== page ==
Both Kire’s book and this short story collection by 21 Tibetan writers were part of my reading list for books from South Asia beyond India and Pakistan. For me, this book represents something beyond just the stories: “This is an important work not just for how it epitomises the Tibetan struggle, but also because it tells us about Tibetan expressions in the modern day.” While the collection is uneven at times, and it steers clear of the Shangri-la romanticism associated with the culture, the stories demand attention, giving voice to a new generation of writers making sense of their culture.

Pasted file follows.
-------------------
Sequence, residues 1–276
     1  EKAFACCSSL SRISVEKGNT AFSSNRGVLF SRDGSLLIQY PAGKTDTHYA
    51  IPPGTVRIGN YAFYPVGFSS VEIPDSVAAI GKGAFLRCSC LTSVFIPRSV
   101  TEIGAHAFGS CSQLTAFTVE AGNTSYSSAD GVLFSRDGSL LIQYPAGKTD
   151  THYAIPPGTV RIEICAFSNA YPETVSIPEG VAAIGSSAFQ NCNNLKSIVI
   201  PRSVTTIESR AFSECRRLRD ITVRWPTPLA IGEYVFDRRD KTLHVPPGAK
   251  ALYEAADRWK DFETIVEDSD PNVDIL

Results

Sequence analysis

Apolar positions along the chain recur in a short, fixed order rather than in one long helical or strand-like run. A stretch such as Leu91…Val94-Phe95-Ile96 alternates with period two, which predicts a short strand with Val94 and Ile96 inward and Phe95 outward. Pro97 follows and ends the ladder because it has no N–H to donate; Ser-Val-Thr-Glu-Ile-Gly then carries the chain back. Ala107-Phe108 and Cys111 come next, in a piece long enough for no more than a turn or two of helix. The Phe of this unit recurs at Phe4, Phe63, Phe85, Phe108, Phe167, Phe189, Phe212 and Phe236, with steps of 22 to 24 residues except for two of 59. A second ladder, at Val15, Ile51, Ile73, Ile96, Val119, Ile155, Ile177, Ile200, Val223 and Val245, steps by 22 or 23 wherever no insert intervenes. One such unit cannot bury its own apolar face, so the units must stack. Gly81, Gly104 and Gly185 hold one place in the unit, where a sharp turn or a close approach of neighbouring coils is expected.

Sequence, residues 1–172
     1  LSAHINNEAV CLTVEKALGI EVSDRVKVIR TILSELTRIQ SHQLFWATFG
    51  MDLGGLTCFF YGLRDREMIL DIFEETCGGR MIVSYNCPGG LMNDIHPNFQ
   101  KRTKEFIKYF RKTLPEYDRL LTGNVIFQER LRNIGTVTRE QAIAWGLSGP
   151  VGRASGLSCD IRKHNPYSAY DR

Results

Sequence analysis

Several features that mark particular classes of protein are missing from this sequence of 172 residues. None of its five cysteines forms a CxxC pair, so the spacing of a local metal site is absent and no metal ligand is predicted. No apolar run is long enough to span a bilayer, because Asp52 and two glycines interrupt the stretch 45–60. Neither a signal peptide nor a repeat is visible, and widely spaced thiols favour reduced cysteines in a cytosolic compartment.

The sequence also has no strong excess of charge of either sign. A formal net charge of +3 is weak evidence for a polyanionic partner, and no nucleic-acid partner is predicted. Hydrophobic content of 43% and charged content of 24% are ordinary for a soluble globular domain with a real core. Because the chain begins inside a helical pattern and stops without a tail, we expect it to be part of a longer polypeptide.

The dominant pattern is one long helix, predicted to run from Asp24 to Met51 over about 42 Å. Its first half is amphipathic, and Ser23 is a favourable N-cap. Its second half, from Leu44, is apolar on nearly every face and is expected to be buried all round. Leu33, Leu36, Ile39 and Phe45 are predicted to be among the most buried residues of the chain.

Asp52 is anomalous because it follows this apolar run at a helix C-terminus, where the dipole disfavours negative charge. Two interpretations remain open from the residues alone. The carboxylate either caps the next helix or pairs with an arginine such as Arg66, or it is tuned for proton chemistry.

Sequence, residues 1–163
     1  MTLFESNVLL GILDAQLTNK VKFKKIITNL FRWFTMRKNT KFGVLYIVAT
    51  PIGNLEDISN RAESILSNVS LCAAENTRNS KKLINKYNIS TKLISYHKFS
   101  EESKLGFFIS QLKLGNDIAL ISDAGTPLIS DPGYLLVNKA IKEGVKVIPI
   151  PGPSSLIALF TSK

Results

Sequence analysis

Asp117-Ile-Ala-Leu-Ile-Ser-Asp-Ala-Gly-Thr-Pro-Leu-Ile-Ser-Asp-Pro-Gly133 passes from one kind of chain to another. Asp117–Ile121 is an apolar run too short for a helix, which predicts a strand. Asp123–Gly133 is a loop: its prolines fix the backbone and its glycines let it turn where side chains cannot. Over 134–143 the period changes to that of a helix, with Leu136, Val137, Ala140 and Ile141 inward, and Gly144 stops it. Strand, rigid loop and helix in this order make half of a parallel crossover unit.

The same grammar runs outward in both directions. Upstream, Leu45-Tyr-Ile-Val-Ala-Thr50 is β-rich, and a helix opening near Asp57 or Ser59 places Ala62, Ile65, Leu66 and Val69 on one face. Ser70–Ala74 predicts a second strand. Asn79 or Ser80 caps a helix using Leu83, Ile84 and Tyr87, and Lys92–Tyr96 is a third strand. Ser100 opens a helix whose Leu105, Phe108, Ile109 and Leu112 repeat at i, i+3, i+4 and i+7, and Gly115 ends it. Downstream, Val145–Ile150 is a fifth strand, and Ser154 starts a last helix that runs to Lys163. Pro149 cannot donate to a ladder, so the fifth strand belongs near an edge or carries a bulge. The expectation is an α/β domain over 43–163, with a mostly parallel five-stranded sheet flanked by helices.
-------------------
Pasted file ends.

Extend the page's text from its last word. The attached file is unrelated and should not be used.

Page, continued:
In a year when Game of Thrones severely disappointed, and the wait for the winds of winter continues, Arden’s quick trilogy based in Russia reminded me why reading fantasy is such a great immersive experience. Arden’s trilogy is about a girl who finds herself right in the middle of a struggle between the Tundra’s old gods and man’s new gods in the form of evangelical Christianity. It reminded me of the Russian folk tales one used to read as a child — except they were far more terrifying, and far more powerful in this book. Highly recommended for readers of the Kingkiller Chronicles and ASOIAF — basically any fantasy reader who has been waiting for years for the next book, if you know what I mean.